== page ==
R (Long) v Secretary of State for Defence: Article 2 ECHR in a military context

17 Jul 2015 | by Claire Alderman

The Court of Appeal today dismissed an appeal brought by Mrs Pat Long against the judgment of the Divisional Court ([2014] EWHC 2391 (Admin)) refusing her claim seeking a fresh investigation into the death of her son Corporal Paul Long, one of six British soldiers of the Royal Military Police who were murdered at a police station in Iraq on 24 June 2003. The claim was brought on the basis that the United Kingdom had not discharged its investigative obligation under Article 2 ECHR to investigate the soldiers’ deaths. The allegation said to require further investigation was of a lack of care or competence in the Army chain of command by failing to ensure that a standing order on communications equipment was implemented by the Royal Military Police.

Unlike the Divisional Court, the Court of Appeal found that the facts surrounding the soldiers’ deaths were such as to engage the state’s substantive obligations under Article 2 and therefore a duty under Article 2 to hold an investigation. The Court found that the routine failure of the Royal Military Police to comply with the standing order was a failure of system or control and not an isolated failure of an individual to comply, and that requiring an investigation into why a practice developed whereby the order was routinely ignored would not be disproportionate or unreasonable.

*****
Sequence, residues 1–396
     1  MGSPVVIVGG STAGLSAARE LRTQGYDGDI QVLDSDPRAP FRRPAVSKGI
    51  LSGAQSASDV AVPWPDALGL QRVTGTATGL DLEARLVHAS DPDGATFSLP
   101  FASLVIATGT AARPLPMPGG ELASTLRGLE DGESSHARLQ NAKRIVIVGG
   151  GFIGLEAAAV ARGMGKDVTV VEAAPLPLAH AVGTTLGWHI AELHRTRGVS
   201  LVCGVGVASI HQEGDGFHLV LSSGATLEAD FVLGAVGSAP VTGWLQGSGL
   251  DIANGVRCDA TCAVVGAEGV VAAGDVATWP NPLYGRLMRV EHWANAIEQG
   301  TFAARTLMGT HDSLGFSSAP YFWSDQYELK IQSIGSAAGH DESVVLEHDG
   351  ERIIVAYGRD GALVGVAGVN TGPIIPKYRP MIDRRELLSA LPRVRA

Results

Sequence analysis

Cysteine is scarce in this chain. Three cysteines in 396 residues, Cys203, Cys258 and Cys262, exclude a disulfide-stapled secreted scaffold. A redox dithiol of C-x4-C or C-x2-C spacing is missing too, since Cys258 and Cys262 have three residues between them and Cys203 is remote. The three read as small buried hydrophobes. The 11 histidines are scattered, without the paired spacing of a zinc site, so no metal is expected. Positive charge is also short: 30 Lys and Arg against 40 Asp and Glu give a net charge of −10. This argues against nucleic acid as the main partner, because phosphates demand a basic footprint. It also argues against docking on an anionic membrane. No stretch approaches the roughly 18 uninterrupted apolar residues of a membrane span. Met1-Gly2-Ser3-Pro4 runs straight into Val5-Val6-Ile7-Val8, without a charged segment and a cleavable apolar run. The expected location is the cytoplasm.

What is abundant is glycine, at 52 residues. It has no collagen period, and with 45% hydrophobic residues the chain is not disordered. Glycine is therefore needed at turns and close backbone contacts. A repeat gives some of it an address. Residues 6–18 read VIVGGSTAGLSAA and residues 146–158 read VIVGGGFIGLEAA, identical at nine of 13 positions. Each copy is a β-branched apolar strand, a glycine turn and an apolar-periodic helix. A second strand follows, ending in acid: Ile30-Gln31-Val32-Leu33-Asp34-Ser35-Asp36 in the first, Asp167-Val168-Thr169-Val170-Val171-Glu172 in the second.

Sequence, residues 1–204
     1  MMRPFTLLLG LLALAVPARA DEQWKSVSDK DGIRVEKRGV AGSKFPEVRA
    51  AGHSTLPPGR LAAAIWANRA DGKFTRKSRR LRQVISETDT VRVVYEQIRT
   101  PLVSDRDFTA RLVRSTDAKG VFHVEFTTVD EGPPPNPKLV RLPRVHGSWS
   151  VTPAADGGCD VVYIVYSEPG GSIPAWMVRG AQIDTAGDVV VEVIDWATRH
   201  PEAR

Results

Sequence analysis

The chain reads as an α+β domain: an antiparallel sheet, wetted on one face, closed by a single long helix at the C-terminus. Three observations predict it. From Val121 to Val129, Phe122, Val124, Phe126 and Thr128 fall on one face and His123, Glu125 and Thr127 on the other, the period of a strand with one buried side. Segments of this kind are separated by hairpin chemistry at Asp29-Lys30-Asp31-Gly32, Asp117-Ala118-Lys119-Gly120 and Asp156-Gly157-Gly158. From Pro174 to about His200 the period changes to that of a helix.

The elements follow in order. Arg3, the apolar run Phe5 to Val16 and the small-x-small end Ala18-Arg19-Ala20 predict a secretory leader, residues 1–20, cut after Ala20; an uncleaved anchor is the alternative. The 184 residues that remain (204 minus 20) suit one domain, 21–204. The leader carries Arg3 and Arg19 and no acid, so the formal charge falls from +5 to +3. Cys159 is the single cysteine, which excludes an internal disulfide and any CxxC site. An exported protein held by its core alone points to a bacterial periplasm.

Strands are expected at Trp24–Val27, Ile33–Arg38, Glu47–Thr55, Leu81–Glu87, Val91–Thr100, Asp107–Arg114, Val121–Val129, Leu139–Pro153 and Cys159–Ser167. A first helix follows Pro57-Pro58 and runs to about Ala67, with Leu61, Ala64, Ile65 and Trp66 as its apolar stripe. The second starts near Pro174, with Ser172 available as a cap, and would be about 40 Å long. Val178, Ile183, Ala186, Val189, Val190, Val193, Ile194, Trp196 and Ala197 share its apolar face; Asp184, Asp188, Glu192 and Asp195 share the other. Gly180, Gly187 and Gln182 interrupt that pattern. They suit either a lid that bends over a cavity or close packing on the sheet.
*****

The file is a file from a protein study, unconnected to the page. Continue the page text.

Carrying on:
The Court of Appeal agreed, however, with the Divisional Court’s conclusion that the investigations that had already taken place, including an Army Board of Inquiry and the Coroner’s inquest, had revealed what went wrong and what lessons were to be learnt and that Article 2 did not therefore require any further investigation into the question of how the communications order came to be disregarded. The Court of Appeal also agreed with the Divisional Court’s view that, even if the Article 2 investigative duty had not been fully discharged: (i) it would be unrealistic to suppose that further significant or useful information could be obtained by a further investigation so many years after the event; and (ii) there was no reasonable prospect that there could be further lessons to be learnt that were of current or future relevance at this distance in time.

The Judgment is available here The Queen on the application of Long v Secretary of State for Defence.

Daniel Beard QC, Gerry Facenna and Brendan McGurk acted for the Secretary of State for Defence.